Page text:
The Aberdeen Bestiary

Folio 10r - animal grandius...; the elephant [part].


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Commentary, Translation and Transcription

These sections are located below the image on each page, scroll down page and click on the tabs to view them. It is also possible to view the translation alongside the image by clicking the translation icon in the toolbar

It is not part of the project to provide a definitive edition of the text of the Bestiary, but to help readers by providing a transcription and translation of the text. Currently the following editorial conventions obtain:

Text

  1. The original capitalisation is retained, but capitals have been added for personal and place names, excluding deus and diabolus.
  2. The original punctuation, including a point and inverted semi-colon (both serving as commas), and a point (serving as a full stop), is represented by comma, full stop and question-mark; a colon has been inserted before quotations.
  3. Suggested readings are in [ ].
  4. Variants from other Bestiary texts (eg Ashmole 1511 and Patrologia Latina 176) are added where they indicate a corruption, elucidate a meaning and replace excised text. They are represented as [A: PL:]

Translation

  1. Direct quotations from the Bible, where identified, are cited from the Authorised Version in ( ).
  2. Paraphrased quotations are identified where possible and indicated as: (see Job, 18:22).
  3. Suggested translations of corrupt words are in [ ].
  4. Capitalisation is sparing; additional punctuation has been used where necessary to give the sense. Paragraphs have been created to break up the text.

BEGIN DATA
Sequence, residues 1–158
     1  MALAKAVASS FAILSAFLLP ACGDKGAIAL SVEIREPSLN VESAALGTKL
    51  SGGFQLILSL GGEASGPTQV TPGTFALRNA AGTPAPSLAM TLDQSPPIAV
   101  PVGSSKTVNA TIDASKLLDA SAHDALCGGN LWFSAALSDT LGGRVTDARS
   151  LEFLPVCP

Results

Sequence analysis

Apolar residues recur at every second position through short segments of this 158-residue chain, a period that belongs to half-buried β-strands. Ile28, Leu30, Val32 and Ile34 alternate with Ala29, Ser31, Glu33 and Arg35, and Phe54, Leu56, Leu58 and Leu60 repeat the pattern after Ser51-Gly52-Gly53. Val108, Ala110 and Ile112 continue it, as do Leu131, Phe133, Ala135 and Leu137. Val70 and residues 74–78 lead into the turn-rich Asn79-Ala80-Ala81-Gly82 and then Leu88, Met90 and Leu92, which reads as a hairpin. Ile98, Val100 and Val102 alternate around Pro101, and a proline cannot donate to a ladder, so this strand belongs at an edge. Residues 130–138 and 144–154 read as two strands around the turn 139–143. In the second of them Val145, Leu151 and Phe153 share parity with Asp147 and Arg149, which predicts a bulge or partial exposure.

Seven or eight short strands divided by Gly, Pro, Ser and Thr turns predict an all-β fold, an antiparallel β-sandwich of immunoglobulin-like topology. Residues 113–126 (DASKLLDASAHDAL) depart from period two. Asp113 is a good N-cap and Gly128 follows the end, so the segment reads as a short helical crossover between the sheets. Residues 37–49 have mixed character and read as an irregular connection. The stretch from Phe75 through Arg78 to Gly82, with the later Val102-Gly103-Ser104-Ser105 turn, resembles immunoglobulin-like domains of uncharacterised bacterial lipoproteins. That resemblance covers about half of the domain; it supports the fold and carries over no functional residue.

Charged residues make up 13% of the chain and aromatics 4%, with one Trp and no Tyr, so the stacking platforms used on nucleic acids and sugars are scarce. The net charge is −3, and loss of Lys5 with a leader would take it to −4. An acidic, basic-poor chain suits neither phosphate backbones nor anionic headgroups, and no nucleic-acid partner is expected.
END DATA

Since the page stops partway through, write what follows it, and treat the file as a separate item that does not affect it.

[Of the elephant] ... no larger animal is seen. The Persians and Indians, carried in wooden towers on their backs, fight with javelins as from a wall. Elephants have a lively intelligence and a long memory; they move around in herds; they flee from a mouse; they mate back-to-back. The female is pregnant for two years, and gives birth no more than once, and not to several offspring but to one only. Elephants live for three hundred years. If an elephant wants to father sons, it goes to the East, near Paradise; there the tree called mandragora, the mandrake, grows. The elephant goes to it with his mate, who first takes fruit from the tree and gives it to her male. And she seduces him until he eats it; then she conceives at once in her womb. When the time comes for her to give birth, she goes out into a pool, until the water comes up to her udders. The male guards her while she is in labour, because elephants have an enemy - the dragon. If the elephant finds a snake, it kills it, trampling it until it is dead. The elephant strikes fear into bulls, yet fears the mouse. The elephant has this characteristic: if it falls down, it cannot rise. But it falls when it leans on a tree in order to sleep, for it has no joints in its knees. A hunter cuts part of the way through the tree, so that when the elephant leans against it, elephant and tree will fall together. As the elephant falls, it trumpets loudly; at once a big elephant goes to it but cannot lift it. Then they both trumpet and twelve elephants come, but they cannot lift the one who has fallen. Then they all trumpet, and immediately a little elephant comes and puts its trunk under the big one and lifts it up. The little elephant has this characteristic, that when some of its hair and bones have been burnt, nothing evil approaches, not even a dragon. The big elephant and its mate represent Adam and Eve. For when they were in the flesh pleasing to God, before their sin, they did not know how to mate and had no understanding